European Commission Work Programme 2018 – A blue print for a more integrated Europe

by Wes Himes

When European Commission President Jean-Claude Juncker released his Commission’s 2018 work programme on 24th October in Strasbourg, he did not take an easy path. While more prudent commentators might have suggested a more benign programme of completing unfinished business, Juncker bypassed the usual laundry list of initiatives and directed his firepower at the heart of national capitals. To the European President and his assembly of Commissioners, the path to the future lies in a more integrated Europe, an opportunity presented to it by Brexit. But what does this mean beyond the headline grabbing element of a single European President and Minister of Economy and Finance?

It is commonly believed, but not universally accepted, that next steps to a more integrated Europe revolve around certain critical concepts:

  • A fiscal policy which caters to redirected funding towards the weaker areas based on a central decision-making and governance – Some may call it targeted assistance, other mutualizing fiscal transfers. Either way, any further integrated system will require the idea of fiscal cooperation to mirror that of monetary policy. The emergence of the Juncker fund is a pre-cursor to this, albeit on a small scale. This fund simply leverages private sector or other funds in which the Commission puts around 10% of the fund up front to absorb losses. However, work is underway to double that fund to 600 billion euros. While this is targeted investment and no way a sign of significant fiscal transfers, it does develop the narrative that the EU can and will begin to consider large levels of funding above and beyond what exists today.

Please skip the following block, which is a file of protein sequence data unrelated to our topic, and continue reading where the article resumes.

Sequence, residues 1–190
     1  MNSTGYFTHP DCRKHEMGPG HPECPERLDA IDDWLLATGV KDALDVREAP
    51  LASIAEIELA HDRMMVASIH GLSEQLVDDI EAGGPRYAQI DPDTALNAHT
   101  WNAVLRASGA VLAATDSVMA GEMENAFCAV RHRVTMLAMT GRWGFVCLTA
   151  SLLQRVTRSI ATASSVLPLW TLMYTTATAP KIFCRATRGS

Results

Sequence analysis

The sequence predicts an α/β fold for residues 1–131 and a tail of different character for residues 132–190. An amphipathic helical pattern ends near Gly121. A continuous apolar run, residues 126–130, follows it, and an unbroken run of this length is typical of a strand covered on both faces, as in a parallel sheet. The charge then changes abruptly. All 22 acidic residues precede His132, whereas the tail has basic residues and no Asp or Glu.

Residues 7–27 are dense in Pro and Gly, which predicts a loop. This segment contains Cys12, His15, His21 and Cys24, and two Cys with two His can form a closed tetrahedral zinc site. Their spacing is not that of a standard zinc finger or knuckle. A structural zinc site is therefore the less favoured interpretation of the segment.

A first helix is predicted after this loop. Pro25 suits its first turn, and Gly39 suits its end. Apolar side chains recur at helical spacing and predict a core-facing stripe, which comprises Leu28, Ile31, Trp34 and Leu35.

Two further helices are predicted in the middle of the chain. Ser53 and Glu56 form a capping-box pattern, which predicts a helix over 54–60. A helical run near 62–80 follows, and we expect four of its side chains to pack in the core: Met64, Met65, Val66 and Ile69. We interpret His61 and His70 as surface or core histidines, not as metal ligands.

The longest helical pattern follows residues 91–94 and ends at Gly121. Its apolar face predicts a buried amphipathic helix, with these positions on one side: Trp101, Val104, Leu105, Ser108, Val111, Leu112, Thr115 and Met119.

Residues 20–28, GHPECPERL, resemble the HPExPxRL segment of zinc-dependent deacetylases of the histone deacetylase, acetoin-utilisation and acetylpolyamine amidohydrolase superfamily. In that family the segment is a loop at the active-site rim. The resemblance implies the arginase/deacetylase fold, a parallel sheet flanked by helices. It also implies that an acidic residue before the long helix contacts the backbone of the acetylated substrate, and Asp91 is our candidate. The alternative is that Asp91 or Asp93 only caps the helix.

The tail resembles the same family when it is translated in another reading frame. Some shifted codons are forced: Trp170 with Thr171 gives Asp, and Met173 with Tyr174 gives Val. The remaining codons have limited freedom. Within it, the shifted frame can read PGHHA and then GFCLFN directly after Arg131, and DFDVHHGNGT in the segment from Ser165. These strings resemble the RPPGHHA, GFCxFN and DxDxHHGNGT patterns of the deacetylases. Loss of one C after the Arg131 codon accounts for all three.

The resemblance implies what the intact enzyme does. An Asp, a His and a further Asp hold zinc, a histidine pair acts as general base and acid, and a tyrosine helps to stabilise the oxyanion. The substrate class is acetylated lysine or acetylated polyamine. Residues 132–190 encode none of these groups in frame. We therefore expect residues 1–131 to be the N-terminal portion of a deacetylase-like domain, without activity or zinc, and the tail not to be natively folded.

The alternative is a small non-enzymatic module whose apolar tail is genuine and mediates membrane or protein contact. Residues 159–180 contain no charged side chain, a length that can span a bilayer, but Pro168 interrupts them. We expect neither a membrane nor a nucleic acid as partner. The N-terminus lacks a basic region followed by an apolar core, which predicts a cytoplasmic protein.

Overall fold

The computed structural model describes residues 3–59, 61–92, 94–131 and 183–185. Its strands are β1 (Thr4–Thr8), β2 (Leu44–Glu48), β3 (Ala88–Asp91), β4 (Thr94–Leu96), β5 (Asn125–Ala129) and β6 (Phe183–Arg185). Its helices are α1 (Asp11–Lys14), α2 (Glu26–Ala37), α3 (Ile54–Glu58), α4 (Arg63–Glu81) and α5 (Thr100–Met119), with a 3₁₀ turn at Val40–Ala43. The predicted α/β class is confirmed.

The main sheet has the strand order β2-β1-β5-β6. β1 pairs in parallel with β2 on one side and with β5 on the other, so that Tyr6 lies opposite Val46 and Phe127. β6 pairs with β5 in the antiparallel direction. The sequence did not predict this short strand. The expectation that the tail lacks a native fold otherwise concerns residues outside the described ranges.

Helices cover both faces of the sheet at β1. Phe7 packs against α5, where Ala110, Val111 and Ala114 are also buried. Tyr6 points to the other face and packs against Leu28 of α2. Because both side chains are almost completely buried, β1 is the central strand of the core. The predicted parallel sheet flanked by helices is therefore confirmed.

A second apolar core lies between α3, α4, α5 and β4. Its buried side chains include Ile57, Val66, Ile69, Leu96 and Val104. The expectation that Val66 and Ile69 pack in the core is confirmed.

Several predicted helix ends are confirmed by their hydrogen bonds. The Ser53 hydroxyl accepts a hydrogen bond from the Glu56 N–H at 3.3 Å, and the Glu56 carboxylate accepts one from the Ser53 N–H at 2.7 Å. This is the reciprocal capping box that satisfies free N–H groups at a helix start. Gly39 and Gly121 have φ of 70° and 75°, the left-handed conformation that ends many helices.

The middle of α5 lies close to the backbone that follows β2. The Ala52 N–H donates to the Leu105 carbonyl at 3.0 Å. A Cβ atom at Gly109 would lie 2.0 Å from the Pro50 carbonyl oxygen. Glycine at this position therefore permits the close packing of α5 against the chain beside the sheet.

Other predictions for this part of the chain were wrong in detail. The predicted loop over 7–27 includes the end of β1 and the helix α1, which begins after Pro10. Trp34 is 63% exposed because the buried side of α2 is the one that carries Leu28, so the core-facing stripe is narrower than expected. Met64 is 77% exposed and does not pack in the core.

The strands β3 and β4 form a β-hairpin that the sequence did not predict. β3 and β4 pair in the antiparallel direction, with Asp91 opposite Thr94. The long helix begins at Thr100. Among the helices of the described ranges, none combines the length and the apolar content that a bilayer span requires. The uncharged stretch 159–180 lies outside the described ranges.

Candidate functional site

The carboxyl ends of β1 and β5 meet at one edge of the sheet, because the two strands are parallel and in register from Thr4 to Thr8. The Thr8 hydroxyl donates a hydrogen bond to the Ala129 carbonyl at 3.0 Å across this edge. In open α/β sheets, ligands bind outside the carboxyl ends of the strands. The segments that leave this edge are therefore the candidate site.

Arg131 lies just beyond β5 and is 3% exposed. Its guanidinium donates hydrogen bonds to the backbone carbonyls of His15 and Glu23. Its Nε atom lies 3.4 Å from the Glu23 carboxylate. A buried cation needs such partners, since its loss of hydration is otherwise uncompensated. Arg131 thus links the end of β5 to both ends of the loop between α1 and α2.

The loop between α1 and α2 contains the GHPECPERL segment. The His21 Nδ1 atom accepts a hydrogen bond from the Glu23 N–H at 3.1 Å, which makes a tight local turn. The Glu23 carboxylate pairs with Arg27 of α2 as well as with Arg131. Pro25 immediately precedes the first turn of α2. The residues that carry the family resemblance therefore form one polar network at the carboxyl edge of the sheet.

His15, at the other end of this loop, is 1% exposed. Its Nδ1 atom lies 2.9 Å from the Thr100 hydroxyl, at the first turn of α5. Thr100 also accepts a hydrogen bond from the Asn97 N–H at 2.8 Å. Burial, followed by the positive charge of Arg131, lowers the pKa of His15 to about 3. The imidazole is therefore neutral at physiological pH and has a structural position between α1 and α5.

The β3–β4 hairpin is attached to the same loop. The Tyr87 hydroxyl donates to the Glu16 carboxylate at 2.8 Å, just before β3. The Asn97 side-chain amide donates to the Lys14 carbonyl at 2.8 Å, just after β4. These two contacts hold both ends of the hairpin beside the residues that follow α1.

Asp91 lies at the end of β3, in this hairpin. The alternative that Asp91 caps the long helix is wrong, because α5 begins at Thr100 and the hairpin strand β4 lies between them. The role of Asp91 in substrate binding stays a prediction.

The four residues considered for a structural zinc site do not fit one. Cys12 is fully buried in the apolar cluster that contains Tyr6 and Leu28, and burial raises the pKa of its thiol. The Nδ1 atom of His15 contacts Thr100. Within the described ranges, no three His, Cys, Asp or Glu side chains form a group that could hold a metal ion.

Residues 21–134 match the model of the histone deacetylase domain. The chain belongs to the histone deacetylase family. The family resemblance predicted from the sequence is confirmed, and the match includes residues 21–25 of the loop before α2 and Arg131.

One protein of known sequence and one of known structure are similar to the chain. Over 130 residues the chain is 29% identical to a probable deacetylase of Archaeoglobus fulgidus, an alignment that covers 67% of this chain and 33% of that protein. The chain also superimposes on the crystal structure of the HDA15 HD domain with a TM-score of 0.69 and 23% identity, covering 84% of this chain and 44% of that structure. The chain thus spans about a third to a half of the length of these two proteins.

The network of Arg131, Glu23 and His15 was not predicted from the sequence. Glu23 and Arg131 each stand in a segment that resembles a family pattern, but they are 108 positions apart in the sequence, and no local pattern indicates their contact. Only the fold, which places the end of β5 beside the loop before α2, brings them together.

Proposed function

But the serious business is in the transformation of the European Stability Mechanism into the European Monetary Fund. This calls for a dedicated European area budget line, a stabilization function and a backstop for the Banking Union. This is the first stop on the way to a fiscal transfer system which would underpin and counterbalance monetary policy, obviously within the Eurozone.

  • A system of own resources to crack the dependence on MS contributions which form the bulk of EU revenue [80%] – The EU has little in the way of own resources (customs duties and 0.3% of harmonised VAT) and instead relies on Member State direct contribution of billions of euros. This is then doled out across the Member States based on the basis of all sorts of formulas and quotas depending on the programmes in question. The 2018 work programme stipulates a multi-annual financial framework followed by a next generation of new programmes and new own resources. Recent EP Parliament debates on the next year’s budget have also explored the ability to raise revenues through such mechanisms like climate levies and the financial transaction tax. An own resource system would centralize the financing of the EU leaving it to raise funds outside of MS contribution just as devolution has done for regions across Europe. This would allow the EU to alter rates for own funds to leave it less reliant on MS contributions.
  • Competence extension and the thrust of hard power – the loss of the UK brake on more integrated Europe has released a plethora of minor power grabs and major forages into new powers. At one end you find small technical matters being amended to the favor of the Commission (such as Delegated Act assessments for environmental issues) to the start of EU defence alignment. A recent proposal by High Level Representative for Foreign Affairs and Security Policy, Federica Mogherini, have indicated the pre-cursors of a dedicated connection of military forces logistics. The Permanent Structured Cooperation (PESCO) along with an EU defence fund are signs of a more bullish identity to the EU in a field long the harbor of national interests. The result will be an evolving EU rapid reaction force, the first of a multi-national military force operating under an EU banner.